Muscular Dystrophy

Muscular Dystrophy

The term “muscular dystrophy” (also abbreviated as “MD”) refers to a group of diseases that affect the muscles and cause them to gradually deteriorate and become weaker over time. Muscular dystrophy is a condition in which abnormal genes, also known as mutations, impede the production of proteins that are necessary for the formation of healthy muscle. There are nine primary classifications of muscular dystrophy, each of which subdivides into more than thirty distinct forms. [1][2] The most prevalent form is called Duchenne muscular dystrophy (DMD), and it typically first manifests in males between the ages of four and ten. Genetic mutations are the root cause of muscular dystrophy. These mutations disrupt the normal production of muscle proteins, which are essential for the development and upkeep of strong, healthy muscles. The causes are genetic. It is more likely that an individual will be affected by muscular dystrophy if there is a history of the disease in their family.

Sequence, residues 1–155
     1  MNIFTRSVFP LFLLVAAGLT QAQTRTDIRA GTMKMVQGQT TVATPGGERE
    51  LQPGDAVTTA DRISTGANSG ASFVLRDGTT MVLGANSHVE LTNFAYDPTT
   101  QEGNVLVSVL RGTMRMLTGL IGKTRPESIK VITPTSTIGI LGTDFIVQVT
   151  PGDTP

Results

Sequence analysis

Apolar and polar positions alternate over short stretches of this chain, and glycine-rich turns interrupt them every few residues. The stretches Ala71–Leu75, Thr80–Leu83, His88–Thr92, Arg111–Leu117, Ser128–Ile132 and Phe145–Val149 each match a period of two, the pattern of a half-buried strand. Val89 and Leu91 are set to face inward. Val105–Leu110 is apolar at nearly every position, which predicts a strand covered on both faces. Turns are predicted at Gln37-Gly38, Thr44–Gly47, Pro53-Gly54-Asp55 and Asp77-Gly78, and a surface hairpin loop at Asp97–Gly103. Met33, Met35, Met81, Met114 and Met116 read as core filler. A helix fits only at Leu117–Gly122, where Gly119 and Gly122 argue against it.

A waddling gait

Muscle soreness and stiffness throughout the body

Inability to run and jump without excessive effort

Walking on toes

Difficulty rising to a sitting or standing position

Learning difficulties, such as developing speech later than is typical Recurrent instances of falling below the expected level

Incapacity to move around

A shortening of the muscles as well as the tendons, which further restricts movement.

Problems with breathing can become so severe that it becomes necessary to use assisted breathing.

If the muscles in the back are not strong enough to support the structure of the spine, this can lead to curvature in the spine.

It is possible for the heart's muscles to become weakened, which can result in cardiac problems.

Swallowing difficulties, which may increase the risk of aspiration pneumonia